While widespread violence or civil war was averted, the consequences for Russia—and Putin—could be grave.
Vladimir Putin set the stage for this weekend’s remarkable events by launching a major land war in Ukraine in 2022 for no good reason, without a sensible strategy, and without a sufficient number of armed forces that might have brought success. Yevgeny Prigozhin and his Wagner company of mercenaries helped him contend with some of the effects, but at the expense of creating a gap between appearance and reality. Prigozhin for months came across as a hawk on the war, castigating the Russian Army for its poor performance and denying his mercenaries the resources to improve on it.
When Prigozhin raised the flag of rebellion in Rostov-on-Don on Friday, though, he had swung around to a dovish position on the war itself, saying in no uncertain terms, for society and all the world to hear, that Putin’s rationale for starting it—to preempt a NATO aggression against Russia—was a fiction. Putin on Saturday went on television to denounce Prigozhin as a traitor, then disappeared from sight as Wagner sent a thin column of armored vehicles in the direction of Moscow, with the stated aim not of ousting Putin but of punishing the military high command for its incompetence. It was Putin’s press secretary, not Putin, who made the announcement that evening that it had all blown over and that Prigozhin would be given asylum in Belarus and his men not charged with any crimes in recognition of their contributions at the front. Moreover, that deal, so it has been said, was brokered not by Putin or any Russian leader but by Alyaksandr Lukashenka, the Belarusian dictator.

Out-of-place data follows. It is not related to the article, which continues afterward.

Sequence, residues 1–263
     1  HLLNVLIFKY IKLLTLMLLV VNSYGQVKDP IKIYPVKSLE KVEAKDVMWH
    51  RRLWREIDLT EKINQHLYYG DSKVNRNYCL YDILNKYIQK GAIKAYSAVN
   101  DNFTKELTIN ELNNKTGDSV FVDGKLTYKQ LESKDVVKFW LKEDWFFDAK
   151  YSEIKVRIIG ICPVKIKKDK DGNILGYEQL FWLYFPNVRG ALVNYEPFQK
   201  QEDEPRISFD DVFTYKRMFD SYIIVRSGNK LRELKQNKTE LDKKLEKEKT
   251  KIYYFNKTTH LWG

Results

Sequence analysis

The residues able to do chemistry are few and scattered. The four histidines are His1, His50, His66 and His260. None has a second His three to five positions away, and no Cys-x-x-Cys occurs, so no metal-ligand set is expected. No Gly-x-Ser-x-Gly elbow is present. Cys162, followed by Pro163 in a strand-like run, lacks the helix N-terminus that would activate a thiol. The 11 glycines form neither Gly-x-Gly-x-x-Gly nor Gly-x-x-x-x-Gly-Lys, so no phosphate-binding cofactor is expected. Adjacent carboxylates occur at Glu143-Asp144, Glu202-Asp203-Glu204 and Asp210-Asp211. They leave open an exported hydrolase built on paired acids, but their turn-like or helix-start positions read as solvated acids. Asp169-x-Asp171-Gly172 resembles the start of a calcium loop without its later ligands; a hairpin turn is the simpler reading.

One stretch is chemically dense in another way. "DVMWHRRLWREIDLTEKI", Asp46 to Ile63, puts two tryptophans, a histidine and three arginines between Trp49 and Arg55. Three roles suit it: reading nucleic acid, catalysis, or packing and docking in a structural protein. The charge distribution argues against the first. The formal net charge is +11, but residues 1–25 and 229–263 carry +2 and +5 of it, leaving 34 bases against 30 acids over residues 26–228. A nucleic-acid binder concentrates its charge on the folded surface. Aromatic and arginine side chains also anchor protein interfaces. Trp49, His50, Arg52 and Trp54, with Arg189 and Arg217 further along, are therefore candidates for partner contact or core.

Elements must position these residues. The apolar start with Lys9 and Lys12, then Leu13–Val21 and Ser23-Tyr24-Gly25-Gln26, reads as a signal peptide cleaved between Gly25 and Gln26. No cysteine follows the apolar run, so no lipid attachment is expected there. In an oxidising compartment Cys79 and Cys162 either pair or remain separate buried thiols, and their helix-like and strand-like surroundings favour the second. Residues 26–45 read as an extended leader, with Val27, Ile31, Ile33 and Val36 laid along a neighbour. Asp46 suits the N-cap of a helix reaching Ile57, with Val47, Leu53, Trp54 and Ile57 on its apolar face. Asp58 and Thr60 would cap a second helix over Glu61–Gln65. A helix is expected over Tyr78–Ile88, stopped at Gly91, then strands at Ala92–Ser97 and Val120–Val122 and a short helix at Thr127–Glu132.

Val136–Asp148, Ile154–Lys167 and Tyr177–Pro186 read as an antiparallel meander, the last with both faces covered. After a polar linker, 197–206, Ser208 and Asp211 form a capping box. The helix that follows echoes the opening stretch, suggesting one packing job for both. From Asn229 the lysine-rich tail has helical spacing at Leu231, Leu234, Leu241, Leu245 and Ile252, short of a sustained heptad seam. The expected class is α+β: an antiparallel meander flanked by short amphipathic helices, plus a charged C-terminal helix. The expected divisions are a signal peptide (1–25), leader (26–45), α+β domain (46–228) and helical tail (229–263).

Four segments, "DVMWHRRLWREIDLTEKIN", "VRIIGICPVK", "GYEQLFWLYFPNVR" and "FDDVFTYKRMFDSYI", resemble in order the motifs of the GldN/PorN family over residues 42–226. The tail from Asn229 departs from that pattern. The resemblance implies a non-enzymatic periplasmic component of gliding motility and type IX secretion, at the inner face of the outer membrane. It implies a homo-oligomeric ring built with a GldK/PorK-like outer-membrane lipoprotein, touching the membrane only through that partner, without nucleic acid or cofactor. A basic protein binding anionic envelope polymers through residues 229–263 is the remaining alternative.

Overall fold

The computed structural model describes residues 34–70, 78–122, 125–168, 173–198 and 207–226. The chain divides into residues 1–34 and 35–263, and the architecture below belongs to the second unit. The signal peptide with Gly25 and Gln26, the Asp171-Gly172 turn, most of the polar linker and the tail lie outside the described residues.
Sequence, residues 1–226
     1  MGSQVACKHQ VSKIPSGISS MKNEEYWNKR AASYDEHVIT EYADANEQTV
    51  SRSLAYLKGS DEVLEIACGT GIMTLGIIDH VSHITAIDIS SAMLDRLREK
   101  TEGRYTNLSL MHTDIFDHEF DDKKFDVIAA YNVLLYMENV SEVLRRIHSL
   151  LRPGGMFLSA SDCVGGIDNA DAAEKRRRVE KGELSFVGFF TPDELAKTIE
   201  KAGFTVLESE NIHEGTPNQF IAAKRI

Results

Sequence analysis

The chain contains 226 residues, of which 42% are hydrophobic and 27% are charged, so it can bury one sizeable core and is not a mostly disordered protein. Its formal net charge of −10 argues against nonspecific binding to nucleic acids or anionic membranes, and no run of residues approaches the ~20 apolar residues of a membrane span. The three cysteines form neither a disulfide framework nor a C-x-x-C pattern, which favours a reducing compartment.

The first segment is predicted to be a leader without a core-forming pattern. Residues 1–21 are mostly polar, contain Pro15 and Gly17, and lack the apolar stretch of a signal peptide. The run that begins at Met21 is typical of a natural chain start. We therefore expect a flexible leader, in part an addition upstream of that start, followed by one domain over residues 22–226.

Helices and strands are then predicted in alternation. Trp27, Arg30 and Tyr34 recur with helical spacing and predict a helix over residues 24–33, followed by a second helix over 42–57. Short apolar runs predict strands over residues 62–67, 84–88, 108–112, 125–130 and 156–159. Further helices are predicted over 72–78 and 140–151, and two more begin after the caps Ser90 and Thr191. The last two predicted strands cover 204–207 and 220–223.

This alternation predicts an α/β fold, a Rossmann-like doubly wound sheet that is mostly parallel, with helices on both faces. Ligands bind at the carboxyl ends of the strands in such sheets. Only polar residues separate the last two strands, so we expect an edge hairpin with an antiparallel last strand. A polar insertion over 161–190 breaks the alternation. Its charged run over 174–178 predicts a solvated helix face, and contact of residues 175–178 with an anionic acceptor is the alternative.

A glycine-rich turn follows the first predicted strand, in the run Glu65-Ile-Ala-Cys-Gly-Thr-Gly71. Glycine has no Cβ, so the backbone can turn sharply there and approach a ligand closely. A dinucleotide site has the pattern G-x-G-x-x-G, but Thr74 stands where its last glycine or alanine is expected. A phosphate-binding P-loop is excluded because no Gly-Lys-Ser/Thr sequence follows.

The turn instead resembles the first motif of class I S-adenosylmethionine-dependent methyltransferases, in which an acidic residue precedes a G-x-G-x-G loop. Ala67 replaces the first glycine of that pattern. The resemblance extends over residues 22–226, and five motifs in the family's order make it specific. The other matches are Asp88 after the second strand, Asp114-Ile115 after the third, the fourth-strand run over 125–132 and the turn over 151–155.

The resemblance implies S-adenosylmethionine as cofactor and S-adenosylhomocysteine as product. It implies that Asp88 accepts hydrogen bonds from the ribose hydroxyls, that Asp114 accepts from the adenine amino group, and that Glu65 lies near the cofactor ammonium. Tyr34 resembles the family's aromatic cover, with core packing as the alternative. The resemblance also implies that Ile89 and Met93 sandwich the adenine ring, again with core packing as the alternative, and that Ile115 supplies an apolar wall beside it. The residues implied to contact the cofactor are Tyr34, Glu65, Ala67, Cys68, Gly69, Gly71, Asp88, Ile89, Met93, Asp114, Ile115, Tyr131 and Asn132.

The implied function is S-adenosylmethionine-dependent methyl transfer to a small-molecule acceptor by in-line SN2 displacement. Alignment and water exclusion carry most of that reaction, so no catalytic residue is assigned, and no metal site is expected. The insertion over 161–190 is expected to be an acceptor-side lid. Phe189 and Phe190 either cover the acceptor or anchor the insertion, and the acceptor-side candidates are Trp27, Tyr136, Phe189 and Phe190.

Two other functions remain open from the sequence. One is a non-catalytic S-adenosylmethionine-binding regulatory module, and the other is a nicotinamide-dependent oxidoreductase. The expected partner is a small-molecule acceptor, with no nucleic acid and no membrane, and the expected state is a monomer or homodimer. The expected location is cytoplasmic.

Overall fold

Although a bloodbath has been averted, the wreckage left behind by the affair cannot easily be cleared away. Putin’s instinct will be to tighten the political screws further than ever. But he must attempt this in full light of the fact that Prigozhin and his crew got away with their mutiny unscathed and Prigozhin found refuge with his junior partner in Minsk. The affair is a humiliation for Putin, no doubt about it, and it raises the question of how many more missteps of this magnitude he can get away with.
It is an open secret in Moscow that, whatever the complexities of public opinion at the mass level, many members of the Russian elite harbor deep misgivings about the war. This time, once it was clear which way the wind was blowing, they lined up with their absentee boss. How they will make future choices may be another matter. No more than ten or twelve members of Putin’s inner circle, if they could agree among themselves, demonstrate Prigozhin’s appetite for risk, and contrive an institutional formula for a national-unity government, could bring an end to the Putin era. The Russian precedent is the ouster of Nikita Khrushchev by the Soviet leadership in October 1964 and the initiation of a generation of oligarchic rule.
It will be some time before the full consequences of Prigozhin’s rebellion become clear. What we see now is a tableau of ambiguities and contradictions, with a democratic outcome for Russia seemingly as far away as ever.
Timothy J. Colton is Morris and Anna Feldberg Professor of Government and Russian Studies and chair of the Academy of International and Area Studies at Harvard University. He is the author of numerous books, including Everyone Loses: The Ukraine Crisis and the Ruinous Contest for Post-Soviet Eurasia (with Samuel Charap, 2017).
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